The principal advantage of amphotericin B (AmB) over other antifungal compounds is the very broad spectrum of fungicidal activity. AmB is effective against a large range of organisms, including the majority of human pathogens and opportunistic pathogens - most Candida spp., Aspergillus ~fumigatus, Blastomyces dermatitidis, Coccidioides immitis, Cryptococcus neoformans, Histoplasma capsulatum, and F’aracoccidioides brasiliensis. However, it is poorly active against Fusarium, certain Aspergillus and Trichosporon spp. Although the incidence of treatment emergent resistance is low, resistant strains of Cundida lusitaniae and C. tropicalis have occasionally been isolated.According to the Infectious Diseases Society of America (IDSA) guidelines for the management of invasive fungal infections, amphotericin B deoxycholate (AmBd) remains the drug of choice for the treatment of aspergillosis, with an overall response rate ranging from 14% to 83% (mean 37%). It is commonly believed that AmBd should be given at peak recommended doses, 1 to 1.5 mglkgid. Unfortunately, at this dosage this polyene drug is associated with significant toxicity, including infusionrelated events, such as chills, fever, headache, nausea and vomiting, and dose-limiting nephrotoxicity. Although this is not an absolute indication to change treatment if kidney function is artificially supported, amphotericin Binduced renal impairment may necessitate premature or temporary withdrawal of treatment, or a reduction in the dose. Such measures may subsequently result in a worsening of the infection. AmBd-related side effects may also lead to increased costs due to prolonged hospitalization, use of dialysis and the need to administer premeditation. Ensuring adequate hydration (IV administration of 500 ml saline) prior to the initiation of treatment may reduce the severity of renal impairment. The optimal duration of therapy is unknown and depends on the severity of disease, the response to therapy, and the patient’s underlying disease(s) or immune status. Antifungal therapy should be continued through cancer chemotherapy, or restarted in patients who are expected to receive additional chemotherapy. The recently developed lipid formulations of AmB have provided new therapeutic opportunities for the treatment of aspergillosis, especially in patients with renal failure or those who have failed therapy with amphotericin B. It is worthy to note that most lipid-based formulations are between 10 and 50 times more expensive than conventional formulations, although this evaluation does not include the total direct and indirect costs associated with the consequences and management of side effects. Unfortunately, no randomized, prospective, clinical trial comparing AmBd and a specific lipid formulation has ever been performed and therefore we must base our evaluations on open-label studies, with or without historical conventional amphotericin B controls. Most animal model studies have suggested that larger doses of the lipid preparations are required to produce therapeutic effects equivalent to AmBd. The adverse events reported in patients administered lipid-based formulations of amphotericin B are similar to those associated with conventional formulations, however the prevalence is significantly reduced. Immediate toxic reactions are less common, although fever, chills and flank pain may still be seen within the first few days of treatment. These effects are generally transient and respond well to treatment with hydrocortisone. Nephrotoxicity has not disappeared but it is much less common in patients treated with lipid-based amphotericin B and furthermore, individuals who develop renal impairment during treatment with a conventional formulation may be improved or stabilized when a lipid-based formulation is substituted. This is an important consideration for the treatment of mycoses in critically ill patients who may be renally insufficient through trauma or underlying illness.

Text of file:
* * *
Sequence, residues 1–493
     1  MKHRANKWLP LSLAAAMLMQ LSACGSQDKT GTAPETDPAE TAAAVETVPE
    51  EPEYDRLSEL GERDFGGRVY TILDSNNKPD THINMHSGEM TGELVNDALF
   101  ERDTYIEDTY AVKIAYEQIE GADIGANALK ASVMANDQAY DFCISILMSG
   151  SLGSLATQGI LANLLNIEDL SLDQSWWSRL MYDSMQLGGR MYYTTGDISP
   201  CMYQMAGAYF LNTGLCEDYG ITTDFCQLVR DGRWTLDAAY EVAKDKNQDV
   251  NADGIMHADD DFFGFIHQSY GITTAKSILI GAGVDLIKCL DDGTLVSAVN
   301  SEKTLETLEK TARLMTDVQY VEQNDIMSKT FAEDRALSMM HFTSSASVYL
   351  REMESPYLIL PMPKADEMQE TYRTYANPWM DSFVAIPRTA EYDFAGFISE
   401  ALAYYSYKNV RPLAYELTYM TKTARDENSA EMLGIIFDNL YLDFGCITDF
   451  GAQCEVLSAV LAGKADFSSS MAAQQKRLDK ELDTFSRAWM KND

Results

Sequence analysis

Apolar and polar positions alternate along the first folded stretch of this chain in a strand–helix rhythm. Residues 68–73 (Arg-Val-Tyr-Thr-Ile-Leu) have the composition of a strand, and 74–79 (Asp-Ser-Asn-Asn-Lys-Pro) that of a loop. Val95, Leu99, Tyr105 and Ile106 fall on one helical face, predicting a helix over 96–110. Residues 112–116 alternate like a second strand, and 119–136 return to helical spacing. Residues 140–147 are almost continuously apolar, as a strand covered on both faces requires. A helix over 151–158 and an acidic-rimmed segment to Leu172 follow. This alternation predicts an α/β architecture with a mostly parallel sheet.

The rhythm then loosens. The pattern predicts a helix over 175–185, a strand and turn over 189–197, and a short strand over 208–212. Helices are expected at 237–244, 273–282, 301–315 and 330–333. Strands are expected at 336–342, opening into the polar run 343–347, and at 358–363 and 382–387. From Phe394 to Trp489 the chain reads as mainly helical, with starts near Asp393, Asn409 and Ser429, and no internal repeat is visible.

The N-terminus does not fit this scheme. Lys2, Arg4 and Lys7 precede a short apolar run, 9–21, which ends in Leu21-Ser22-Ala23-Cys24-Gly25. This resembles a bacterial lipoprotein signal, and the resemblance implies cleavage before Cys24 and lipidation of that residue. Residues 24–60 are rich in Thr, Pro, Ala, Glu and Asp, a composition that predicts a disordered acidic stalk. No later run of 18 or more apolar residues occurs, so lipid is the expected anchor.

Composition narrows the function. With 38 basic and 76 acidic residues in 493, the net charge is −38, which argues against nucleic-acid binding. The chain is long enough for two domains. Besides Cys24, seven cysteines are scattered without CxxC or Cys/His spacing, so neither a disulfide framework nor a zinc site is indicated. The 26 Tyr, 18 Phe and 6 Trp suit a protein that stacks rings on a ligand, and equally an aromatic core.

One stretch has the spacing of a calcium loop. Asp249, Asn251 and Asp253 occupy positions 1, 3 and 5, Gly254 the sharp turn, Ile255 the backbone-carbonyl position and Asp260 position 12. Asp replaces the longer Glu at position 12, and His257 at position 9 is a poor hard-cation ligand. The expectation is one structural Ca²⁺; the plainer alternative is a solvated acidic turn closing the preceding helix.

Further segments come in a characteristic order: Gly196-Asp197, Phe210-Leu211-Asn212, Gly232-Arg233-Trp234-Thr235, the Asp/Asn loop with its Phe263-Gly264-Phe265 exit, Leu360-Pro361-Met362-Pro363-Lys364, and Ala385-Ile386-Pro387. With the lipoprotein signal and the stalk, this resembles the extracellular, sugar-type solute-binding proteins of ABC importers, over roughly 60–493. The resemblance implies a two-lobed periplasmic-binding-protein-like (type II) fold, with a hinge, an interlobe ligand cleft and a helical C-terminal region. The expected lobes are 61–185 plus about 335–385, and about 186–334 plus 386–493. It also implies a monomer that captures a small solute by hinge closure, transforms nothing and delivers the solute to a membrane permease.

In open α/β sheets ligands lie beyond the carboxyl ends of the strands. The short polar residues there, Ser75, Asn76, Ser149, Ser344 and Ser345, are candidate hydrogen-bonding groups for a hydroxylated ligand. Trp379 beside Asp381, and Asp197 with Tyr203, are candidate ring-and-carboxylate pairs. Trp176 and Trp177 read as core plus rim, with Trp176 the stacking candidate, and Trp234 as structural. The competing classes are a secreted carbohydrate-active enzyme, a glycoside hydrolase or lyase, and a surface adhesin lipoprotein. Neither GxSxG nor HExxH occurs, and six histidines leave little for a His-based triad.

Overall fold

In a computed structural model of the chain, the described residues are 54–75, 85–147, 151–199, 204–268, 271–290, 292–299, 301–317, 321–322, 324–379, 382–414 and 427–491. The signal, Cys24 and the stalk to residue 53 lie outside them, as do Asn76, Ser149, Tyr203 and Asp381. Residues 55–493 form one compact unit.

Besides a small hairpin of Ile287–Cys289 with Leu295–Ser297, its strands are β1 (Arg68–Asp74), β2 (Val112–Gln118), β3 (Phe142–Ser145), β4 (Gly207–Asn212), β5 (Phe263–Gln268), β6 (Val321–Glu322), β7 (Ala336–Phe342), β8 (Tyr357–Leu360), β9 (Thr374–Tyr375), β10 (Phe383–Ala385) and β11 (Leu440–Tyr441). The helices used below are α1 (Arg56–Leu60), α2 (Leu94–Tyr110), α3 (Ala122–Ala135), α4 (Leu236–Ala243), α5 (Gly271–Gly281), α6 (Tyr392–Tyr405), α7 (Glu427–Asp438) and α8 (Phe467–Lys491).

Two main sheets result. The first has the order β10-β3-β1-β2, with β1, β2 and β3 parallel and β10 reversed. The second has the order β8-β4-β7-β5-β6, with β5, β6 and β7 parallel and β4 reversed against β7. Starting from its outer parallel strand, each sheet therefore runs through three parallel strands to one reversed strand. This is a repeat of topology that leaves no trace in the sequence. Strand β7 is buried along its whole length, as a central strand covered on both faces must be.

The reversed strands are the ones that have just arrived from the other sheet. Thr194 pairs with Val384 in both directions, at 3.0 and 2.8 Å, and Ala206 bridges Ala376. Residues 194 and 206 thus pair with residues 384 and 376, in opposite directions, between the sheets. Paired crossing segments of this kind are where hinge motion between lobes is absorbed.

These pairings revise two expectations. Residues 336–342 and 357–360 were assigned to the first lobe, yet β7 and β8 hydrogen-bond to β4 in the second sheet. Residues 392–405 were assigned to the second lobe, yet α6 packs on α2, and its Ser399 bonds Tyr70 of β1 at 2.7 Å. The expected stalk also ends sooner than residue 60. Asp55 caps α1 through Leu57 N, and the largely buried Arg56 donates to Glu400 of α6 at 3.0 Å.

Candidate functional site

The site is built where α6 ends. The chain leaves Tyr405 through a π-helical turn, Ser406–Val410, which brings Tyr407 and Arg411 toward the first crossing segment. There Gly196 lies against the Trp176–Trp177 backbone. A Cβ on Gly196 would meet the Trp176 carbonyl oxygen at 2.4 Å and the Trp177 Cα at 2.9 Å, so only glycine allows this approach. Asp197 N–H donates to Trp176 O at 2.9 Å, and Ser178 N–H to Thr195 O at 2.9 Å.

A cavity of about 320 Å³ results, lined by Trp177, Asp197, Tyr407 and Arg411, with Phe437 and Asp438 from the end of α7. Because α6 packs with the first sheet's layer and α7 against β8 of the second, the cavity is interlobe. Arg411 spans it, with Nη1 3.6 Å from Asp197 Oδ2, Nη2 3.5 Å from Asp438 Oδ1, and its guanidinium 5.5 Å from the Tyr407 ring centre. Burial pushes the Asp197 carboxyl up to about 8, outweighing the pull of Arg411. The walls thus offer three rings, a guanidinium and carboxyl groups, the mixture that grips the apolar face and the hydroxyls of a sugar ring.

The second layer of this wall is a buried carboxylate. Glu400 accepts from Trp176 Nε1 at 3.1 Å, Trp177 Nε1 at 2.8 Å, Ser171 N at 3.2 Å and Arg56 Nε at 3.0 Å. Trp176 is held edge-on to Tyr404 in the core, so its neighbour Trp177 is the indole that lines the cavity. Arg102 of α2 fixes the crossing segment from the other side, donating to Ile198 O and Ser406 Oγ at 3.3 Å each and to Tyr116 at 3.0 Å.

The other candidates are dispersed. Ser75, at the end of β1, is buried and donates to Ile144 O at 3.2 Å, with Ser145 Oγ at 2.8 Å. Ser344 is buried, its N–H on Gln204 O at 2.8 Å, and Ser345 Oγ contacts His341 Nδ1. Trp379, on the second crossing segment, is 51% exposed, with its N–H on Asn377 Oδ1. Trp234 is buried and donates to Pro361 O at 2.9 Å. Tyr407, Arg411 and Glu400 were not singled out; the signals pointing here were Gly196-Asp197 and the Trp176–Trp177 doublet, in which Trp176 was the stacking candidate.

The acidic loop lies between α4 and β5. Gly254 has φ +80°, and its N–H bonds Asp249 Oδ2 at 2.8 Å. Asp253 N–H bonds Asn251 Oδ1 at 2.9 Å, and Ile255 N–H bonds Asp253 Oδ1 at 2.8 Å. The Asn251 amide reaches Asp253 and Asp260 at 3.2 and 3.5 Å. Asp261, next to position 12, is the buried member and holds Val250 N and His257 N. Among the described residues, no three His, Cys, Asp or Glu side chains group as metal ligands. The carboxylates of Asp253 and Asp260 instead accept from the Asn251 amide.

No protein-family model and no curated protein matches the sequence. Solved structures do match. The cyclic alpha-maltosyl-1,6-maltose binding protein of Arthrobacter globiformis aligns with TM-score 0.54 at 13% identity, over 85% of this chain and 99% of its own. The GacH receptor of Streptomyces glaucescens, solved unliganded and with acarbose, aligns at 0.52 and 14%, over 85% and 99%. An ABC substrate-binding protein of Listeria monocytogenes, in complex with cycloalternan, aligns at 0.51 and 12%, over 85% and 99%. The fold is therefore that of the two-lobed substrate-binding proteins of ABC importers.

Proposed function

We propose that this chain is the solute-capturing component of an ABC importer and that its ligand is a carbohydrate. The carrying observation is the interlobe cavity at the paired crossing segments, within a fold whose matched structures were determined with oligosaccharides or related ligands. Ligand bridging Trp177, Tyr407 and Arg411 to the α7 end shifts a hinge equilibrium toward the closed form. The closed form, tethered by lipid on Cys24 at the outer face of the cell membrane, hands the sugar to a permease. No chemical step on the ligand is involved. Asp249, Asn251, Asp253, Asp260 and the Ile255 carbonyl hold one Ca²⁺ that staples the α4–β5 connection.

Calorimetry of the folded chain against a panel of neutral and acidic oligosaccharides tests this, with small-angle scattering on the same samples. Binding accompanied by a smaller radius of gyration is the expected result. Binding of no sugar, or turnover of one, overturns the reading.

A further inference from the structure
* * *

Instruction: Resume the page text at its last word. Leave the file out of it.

Full conference title:
12th International Symposium on Infections in the Immunocompromised Host
- ISIIH 12th